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PostPosted: Thu Feb 18, 2010 9:55 am 

Joined: Thu Apr 02, 2009 4:33 pm
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Location: OH
This information was supplied from the utility engineer.


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PostPosted: Thu Feb 18, 2010 11:03 pm 
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Location: New England
Couple of things. First, you need to buy the IEEE 1584.
You are 'required' in the analysis to perform the calculation at both 100% and 85% or arcing current.

Using the utility info would be wrong at this point. High fault currents typically result in shorter clearing times for overload devices and thus lower Incident Energy levels. So using the utility numbers may calculate to 'lower' than actual IE values, even with the 85% calc.

For specifying equipment you can use the utility numbers for determining interrupting capacty (plus motor loads if significant) But for your arc flash analysis, you need to made some effort to get actual data. I would start by asking the utility to give the MVA to the primary of the transformer. Then use the transformer nameplate impedance. If they won't give you the MVA, then you have to make some guesses. Sounds like you are NOT next to the substation, so, as a guess, others can comment, use 50MVA, or, take the infinite transformer current and reduce by 25%. These are rough, but for now better than what the utility is telling you.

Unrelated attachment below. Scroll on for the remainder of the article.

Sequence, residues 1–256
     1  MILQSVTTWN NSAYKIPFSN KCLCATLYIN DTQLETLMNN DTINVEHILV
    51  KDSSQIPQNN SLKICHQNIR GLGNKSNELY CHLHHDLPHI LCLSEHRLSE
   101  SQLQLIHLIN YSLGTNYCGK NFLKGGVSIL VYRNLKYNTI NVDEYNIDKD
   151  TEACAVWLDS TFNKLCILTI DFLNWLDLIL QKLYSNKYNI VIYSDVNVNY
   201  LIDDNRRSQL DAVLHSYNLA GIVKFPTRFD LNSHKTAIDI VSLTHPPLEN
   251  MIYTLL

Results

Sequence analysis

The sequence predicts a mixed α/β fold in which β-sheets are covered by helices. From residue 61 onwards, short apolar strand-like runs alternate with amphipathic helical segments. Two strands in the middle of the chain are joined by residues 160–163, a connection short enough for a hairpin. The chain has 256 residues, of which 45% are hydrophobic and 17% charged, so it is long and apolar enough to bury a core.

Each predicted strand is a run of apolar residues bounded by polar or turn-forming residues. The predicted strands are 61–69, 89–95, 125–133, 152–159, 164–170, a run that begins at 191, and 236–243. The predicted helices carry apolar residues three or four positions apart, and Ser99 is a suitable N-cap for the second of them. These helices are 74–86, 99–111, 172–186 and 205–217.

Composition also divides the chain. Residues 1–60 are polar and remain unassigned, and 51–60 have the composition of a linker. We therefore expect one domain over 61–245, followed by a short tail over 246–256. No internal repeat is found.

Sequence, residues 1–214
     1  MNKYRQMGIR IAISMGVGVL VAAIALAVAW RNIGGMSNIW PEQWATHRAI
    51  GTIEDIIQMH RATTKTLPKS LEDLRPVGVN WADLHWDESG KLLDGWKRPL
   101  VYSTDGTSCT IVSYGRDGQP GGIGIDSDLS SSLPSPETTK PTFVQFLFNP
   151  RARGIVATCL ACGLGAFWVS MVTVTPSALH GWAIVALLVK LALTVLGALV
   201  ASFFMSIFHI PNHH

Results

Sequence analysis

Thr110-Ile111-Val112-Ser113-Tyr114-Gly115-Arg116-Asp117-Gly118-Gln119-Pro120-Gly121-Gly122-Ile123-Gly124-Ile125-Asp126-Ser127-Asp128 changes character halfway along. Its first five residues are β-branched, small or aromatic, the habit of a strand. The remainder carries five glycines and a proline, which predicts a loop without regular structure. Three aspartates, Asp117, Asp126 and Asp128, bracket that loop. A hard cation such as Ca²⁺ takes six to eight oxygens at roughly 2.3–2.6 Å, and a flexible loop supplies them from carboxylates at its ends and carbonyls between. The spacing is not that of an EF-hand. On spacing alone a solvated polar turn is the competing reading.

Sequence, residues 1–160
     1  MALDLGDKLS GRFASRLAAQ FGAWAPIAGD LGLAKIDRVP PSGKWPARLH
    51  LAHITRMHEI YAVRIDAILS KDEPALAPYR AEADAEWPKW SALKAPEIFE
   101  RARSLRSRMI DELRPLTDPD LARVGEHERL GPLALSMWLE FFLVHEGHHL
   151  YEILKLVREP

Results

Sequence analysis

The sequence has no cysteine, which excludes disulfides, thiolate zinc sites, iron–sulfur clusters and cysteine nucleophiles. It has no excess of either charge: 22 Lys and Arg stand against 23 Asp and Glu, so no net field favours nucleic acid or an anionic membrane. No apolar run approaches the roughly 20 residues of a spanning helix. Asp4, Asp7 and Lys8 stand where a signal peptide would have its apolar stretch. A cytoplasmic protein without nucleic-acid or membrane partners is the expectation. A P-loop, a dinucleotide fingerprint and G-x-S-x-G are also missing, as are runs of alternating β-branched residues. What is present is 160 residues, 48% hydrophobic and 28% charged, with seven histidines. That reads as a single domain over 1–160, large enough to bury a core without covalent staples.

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PostPosted: Fri Feb 19, 2010 6:17 am 

Joined: Thu Apr 02, 2009 4:33 pm
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Location: OH
Thanks Haze 10. I have a copy of the IEEE 1584. I also have a software package. I am interseted in the bolted fault current to enter into the program.
I am just trying to get this info from the utility. The utility is giving me the bolted fault in a 100MVA on a %R + %Jx format. Their fault current is actually more than calculating using transformer impedance with infinate primary. Brainfiller helped me figure out the utility MVA and primary amps with the information the utility supplied in another problem. The problem I'm having is when I figure the total Z and try to subtact the transformer impedance to find the utility impedance, the transformer impedance is more the the total Z after the base conversions. The utility just supplies the fault current on a 100MVA base with %R + %jX format. The software requires primary fault amps, MVA, KVA or amps. I'm just trying to convert their info. The utility "only" supplies this info on the secondary side. I'm trying to find the primary side. That's why I was asking for profressional opinions on what percentage of infinate primary source could be used. You mentioned a 25% reduction. What does eveyone else think? The more I read about this arc flash stuff,it becomes more confusing with all the "what ifs". It also appears to "not be" an exact science. Thanks for all the replies.


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PostPosted: Fri Feb 19, 2010 9:24 am